You’ve worked for all of the big publishers, which has been your favorite and why?
That is a tough question. I had some great years at DC and I fondly remember the early days, with JLE, as well some fantastic times with Marvel. X-O was a blast. Wizard Magazine and especially Gareb Shamus were always very good to me. I love working with Dark Horse, The Helm was different and a lot of fun. There are many really terrific people in this industry and I have been in it for a long time… too tough to choose.
Your “Brutes and Babes” tutorial was a regular column in Wizard for some time. What was that experience like? Any favorite memories or lessons from that series?
I started writing Brutes and Babes while I was teaching at the Joe Kubert School. I always enjoyed it – teaching in any manner, that is. The hard part was trying to shoe horn so much information into 2, 3 or eventually 4-5 page segments… there was just so much that wouldn’t fit into those columns. I’ve been honored and humbled that fans and aspiring artists still refer to them with so much appreciation.
We are starting a branch at Ominous Studios called Ominous Ed. It is a new platform that we are kicking off in October with the staggered, free release of all the old Brutes&Babes tutorials, revised and reformatted in easily downloadable PDF’s.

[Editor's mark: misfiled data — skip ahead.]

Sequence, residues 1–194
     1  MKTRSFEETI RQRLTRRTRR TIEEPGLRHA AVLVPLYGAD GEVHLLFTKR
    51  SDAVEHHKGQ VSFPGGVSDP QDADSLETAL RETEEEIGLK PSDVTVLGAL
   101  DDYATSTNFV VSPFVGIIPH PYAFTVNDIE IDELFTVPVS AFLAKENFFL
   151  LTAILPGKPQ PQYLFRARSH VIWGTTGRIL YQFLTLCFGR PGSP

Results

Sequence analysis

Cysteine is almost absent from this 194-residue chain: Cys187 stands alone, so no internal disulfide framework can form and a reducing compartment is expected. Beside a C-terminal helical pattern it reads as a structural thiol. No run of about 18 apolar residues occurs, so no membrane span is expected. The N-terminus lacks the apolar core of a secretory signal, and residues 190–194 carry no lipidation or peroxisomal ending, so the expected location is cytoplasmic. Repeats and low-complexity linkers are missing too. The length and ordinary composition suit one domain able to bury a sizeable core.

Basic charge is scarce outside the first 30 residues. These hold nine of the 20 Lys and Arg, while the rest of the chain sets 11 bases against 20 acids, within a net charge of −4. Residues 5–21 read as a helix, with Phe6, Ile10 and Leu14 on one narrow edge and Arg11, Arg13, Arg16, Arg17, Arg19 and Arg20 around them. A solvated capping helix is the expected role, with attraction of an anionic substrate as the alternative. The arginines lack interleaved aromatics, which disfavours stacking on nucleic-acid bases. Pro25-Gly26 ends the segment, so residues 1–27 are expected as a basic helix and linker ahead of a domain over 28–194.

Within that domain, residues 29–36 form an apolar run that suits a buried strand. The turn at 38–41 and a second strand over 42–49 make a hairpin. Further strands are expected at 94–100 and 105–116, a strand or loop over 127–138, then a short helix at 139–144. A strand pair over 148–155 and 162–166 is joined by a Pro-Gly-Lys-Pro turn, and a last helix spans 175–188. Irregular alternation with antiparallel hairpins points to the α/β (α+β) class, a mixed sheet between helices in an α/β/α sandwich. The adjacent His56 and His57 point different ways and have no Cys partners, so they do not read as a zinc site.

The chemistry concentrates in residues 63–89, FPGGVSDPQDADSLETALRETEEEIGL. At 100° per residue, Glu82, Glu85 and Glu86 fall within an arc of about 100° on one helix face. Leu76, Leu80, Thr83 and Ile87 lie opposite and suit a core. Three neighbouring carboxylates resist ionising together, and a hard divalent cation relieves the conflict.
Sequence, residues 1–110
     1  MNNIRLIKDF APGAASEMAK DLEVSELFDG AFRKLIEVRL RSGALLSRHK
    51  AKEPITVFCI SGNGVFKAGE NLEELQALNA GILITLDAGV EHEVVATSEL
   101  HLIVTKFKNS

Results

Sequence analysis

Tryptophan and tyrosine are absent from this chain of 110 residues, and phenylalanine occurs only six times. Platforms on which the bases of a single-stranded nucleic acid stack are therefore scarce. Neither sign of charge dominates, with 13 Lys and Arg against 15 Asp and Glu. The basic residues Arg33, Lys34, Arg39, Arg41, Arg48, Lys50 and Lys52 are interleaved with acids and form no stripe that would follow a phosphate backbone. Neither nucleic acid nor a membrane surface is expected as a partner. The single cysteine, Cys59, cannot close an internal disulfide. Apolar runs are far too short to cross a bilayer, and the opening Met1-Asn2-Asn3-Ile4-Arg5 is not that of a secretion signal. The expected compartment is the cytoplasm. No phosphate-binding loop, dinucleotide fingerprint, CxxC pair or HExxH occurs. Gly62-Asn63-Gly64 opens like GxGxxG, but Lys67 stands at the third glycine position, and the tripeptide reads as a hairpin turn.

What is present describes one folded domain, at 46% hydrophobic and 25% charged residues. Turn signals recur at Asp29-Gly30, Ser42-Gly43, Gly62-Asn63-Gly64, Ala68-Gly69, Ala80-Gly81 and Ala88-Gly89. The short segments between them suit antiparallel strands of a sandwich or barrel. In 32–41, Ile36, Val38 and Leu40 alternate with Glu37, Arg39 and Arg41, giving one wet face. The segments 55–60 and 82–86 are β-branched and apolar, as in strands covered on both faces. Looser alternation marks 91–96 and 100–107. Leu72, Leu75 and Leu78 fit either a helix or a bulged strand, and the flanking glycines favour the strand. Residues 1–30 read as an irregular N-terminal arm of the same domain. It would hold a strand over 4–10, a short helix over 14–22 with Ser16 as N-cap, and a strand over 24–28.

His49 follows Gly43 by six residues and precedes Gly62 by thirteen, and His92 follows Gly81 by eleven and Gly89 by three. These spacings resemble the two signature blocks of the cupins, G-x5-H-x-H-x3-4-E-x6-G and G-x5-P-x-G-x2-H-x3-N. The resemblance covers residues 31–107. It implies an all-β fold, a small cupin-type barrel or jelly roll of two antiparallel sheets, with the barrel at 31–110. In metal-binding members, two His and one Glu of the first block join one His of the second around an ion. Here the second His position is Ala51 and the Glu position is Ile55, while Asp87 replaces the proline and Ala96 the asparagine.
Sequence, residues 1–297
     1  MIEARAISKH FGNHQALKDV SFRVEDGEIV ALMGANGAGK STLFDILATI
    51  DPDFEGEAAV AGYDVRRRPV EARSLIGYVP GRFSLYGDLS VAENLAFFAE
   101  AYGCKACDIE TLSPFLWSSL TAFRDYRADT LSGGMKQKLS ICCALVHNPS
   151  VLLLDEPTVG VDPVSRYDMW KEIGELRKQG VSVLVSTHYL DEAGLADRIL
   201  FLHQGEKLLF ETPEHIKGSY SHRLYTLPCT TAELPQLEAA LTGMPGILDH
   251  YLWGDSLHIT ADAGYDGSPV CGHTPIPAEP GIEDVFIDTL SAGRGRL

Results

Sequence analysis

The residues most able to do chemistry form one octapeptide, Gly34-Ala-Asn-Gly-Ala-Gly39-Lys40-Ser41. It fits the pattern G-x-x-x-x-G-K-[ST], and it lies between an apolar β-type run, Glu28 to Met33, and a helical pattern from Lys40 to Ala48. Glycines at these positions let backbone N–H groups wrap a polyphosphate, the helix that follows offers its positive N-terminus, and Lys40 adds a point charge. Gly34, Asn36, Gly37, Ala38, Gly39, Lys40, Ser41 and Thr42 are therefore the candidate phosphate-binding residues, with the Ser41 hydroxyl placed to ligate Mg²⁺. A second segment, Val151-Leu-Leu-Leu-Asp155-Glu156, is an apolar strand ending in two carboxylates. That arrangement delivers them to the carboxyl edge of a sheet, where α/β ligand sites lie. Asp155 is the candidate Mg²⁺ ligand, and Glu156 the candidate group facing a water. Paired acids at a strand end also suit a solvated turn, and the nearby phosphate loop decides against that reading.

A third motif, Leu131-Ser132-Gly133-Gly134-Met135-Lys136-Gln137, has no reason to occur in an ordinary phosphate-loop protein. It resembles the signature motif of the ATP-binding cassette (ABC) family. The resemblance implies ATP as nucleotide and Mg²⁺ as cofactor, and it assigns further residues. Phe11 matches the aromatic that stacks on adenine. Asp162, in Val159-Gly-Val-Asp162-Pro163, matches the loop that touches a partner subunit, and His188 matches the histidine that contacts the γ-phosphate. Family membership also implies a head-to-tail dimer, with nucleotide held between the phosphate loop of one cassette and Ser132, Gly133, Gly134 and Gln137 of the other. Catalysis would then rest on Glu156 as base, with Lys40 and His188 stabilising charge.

We will be releasing new B&B PDF tutorials periodically, starting in October, and have a slate of new drawing books in the works, for both digital and print release, as well as plans for DVD tutorials and downloadable lessons. Ominous Ed will also be releasing a revised and updated Drawing Power book, both digitally and in print, which will be re-edited, contain some new art/material as well as reprint all of the old Brutes&Babes tutorials, and that’s just the tip of the iceberg.
There is a lot happening in that area right now, it’s pretty exciting.
Your current project is Ominous Studios, what is it and how did that get started?
Ominous is many things… we offer art services to all aspects of the Entertainment Industry; toy design, concept art, storyboards, asset creation, graphic storytelling – whatever is needed.